1982 – Svetoblok

Svetoblok was the first airtight, sterile growth chamber for spaceflight, and its experiments helped us understand that plants can develop flowers in space. This chamber was compact, with a small removable cylinder that could be returned to Earth independently from the chamber. To return the plants to Earth, cosmonauts simply held the removable cylinder in their laps on the trip down! Svetoblok was first flown in 1982, and was used on both the Salyut and the Mir space stations. Svetoblok’s sterile environment was believed to be a big reason for its success. In 1982 cosmonauts successfully grew the first flowers in space from Arabidopsis, a tiny mustard species used commonly in research. Although these flowers bloomed and began to develop fruit the male and female organs degenerated, so no viable seeds were produced. The success of flowering in Svetoblok demonstrated that the seed-to-seed life cycle should be possible in microgravity, given the right environmental conditions. Svetoblok was one of the key growth chambers that laid the groundwork for plant reproduction in space. Learn more here!

1982 – Phyton/Fiton on Салют-7 (Salyut 7)

Phyton (occasionally called Fiton) was designed to support seed-to-seed experiments, with the intention of demonstrating that plants can reproduce normally in space. Phyton was successful: it produced the first space-grown seeds, achieving what we call ontogenesis (seed-to-seed growth) with Arabidopsis. It grew plants inside glass cylinders with nutrient agar, had a powerful lamp, and used an air filter to remove air contaminants. It even included an automatic apparatus that could plant seeds in orbit! Python was also highly adaptable: scientists could adjust individual cylinders, so they could test different light treatments, water quantities, plant species, and nutrient solutions. Phyton was developed by the Ukrainian Institute of Molecular Biology, and ran flight experiments on Salyut 6 and Salyut 7. There were three iterations of Phyton.

The literature also states that there was a centrifuge aboard Salyut 7.  Lettuce was examined under 0.01, 0.1 and 1 g conditions using this equipment.

* Quick searches of Soviet era space equipment often yield few results.  This could be a consequence of strict science rules imposed upon Russian scientists to prevent American technology theft during the Cold War.  During this time, many researchers were forbidden to release detailed papers about their experiments.

1982 – Plant Growth Unit (PGU)

For 15 years, the Plant Growth Unit (PGU) was a highly successful platform for shuttle-era astrobotany experiments (1982-97). The PGU was the first American platform to run regular flight experiments on biological life support systems, and its experiments examined seedling growth, lignification, and reproduction. The PGU was designed and built by Lockheed Missiles and Space Company for the Ames Research Center, and was eventually upgraded into its successor, the Plant Growth Facility (PGF). Learn more here!

1990 – “SVET” on Мир (Mir)

The plant habitat SVET (Russian: light) was installed in 1990 aboard the spacecraft Mir.  SVET was located in the Kristall module of Mir and consisted of 4 basic units:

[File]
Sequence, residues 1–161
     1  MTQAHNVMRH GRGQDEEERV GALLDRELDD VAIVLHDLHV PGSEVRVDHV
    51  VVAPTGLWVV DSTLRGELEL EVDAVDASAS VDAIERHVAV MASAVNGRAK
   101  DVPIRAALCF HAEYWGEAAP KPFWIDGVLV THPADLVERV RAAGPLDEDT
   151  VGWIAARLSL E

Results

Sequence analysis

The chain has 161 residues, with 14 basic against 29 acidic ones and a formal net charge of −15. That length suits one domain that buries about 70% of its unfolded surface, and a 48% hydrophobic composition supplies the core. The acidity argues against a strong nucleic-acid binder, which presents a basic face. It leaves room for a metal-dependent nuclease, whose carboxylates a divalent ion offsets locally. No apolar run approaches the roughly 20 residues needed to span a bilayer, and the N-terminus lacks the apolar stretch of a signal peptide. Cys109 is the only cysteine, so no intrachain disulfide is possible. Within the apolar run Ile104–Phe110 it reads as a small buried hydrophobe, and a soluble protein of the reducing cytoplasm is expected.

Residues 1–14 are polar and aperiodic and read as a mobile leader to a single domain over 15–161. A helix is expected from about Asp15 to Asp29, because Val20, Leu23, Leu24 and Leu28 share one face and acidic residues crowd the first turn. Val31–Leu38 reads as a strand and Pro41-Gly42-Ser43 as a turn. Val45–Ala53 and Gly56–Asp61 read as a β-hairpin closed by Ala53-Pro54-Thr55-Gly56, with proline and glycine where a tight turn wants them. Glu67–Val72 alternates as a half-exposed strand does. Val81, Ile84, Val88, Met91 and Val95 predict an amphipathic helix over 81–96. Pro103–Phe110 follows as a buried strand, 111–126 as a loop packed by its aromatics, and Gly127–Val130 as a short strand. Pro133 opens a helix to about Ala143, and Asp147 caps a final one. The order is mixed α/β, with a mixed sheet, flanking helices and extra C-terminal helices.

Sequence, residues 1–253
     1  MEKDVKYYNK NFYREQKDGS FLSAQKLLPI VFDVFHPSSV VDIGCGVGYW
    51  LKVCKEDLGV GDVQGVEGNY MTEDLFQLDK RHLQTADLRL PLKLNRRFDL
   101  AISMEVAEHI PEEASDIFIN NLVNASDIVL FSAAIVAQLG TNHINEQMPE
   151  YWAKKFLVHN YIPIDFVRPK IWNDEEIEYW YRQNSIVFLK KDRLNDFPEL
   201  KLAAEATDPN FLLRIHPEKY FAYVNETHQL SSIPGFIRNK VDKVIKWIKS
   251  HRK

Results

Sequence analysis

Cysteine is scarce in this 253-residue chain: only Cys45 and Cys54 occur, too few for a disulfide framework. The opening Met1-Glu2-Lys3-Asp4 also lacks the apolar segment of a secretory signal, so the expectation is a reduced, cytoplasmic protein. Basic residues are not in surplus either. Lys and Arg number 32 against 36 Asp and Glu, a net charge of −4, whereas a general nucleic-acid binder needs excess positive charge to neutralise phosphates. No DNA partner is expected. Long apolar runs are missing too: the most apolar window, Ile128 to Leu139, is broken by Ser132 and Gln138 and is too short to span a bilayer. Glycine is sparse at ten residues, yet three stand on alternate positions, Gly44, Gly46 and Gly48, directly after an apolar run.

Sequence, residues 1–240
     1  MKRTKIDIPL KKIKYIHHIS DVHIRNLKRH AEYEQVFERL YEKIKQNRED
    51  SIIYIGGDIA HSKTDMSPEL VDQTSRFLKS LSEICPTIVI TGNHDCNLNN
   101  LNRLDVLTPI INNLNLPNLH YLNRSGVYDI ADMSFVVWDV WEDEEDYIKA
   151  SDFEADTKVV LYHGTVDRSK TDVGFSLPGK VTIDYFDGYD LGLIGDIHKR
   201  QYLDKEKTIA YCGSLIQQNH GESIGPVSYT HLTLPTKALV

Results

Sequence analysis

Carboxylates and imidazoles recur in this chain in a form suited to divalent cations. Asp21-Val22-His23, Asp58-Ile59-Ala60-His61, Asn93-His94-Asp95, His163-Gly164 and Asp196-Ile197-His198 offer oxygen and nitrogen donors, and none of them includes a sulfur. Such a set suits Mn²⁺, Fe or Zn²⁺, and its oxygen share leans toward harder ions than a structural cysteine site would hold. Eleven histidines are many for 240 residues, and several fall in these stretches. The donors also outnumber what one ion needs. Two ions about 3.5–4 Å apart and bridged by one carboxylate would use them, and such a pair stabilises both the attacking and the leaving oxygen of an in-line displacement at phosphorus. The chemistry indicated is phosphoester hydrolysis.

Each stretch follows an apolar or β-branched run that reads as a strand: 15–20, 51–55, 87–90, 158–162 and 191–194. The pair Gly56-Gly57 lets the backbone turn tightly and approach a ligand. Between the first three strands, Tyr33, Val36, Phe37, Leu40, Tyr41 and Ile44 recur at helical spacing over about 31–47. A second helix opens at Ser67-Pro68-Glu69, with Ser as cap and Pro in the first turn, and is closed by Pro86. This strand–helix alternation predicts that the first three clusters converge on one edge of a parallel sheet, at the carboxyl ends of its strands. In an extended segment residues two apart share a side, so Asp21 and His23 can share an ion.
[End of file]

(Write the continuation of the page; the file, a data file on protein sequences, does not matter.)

• the plant growth chamber itself
  • the root module
  • the light and control unit
  • the GEMS (Gas Exchange Measurement System)

Plant varieties such as dwarf wheat and Brassica rapa were grown in SVET, with important variables being controlled and measured using these equipment.  Substrate moisture was one of those being studied.

1997 – Plant Growth Facility (PGF)

For years, the Plant Growth Unit (PGU) was the best plant growth chamber for studying tiny plants in space. Yet, scientists and engineers found numerous ways to upgrade the PGU, enhancing many pieces of equipment while maintaining the same dimensions, and they called this upgraded version the Plant Growth Facility (PGF). This system had a much higher-output lighting system, could accommodate experiment-specific growth media, and was capable of controlling humidity, temperature, and CO2 concentration. Like the PGU, the PGF was a platform for plant reproduction experiments, and it helped demonstrate how ventilation and extra CO2 are needed for seeds to develop normally in space. In 1997 the PGF flew on the shuttle for 15 days to test the effects of microgravity on plant growth for the Collaborative Ukraine Experiment (CUE). Learn more here!

2002 – Biomass Production Chamber (BPS)

The Biomass Production System (BPS) was developed by Orbital Technologies Corporation in partnership with NASA engineers and scientists. It was initially designed for the Shuttle and SpaceHab, but was later modified to fit in the International Space Station (ISS), and it contained two experiments on the ISS in 2002 during expedition 4. The first experiment was a Technology Validation Test (TVT), where the BPS validated several subsystems and technologies that were later used to design the Plant Research Unit (PRU). The second experiment was called Photosynthesis Experiment and System Testing and Operation (PESTO). The PESTO demonstrated that plant productivity (photosynthetic rate, transpiration rate, and biomass) does not differ from ground controls. From this experiment, scientists learned that gas exchange is not directly affected by microgravity, but is affected indirectly by the lack of gravity-driven convection in microgravity. Learn more here!

2002 – Lada Plant Growth System

Lada, named for the Slavic Goddess of Fertility, is the oldest greenhouse system on the International Space Station.  Lada is a traditional spaceflight plant habitat with two different growth compartments for growth comparison.  It design and technology are modeled after its predecessor “SVET” on Mir.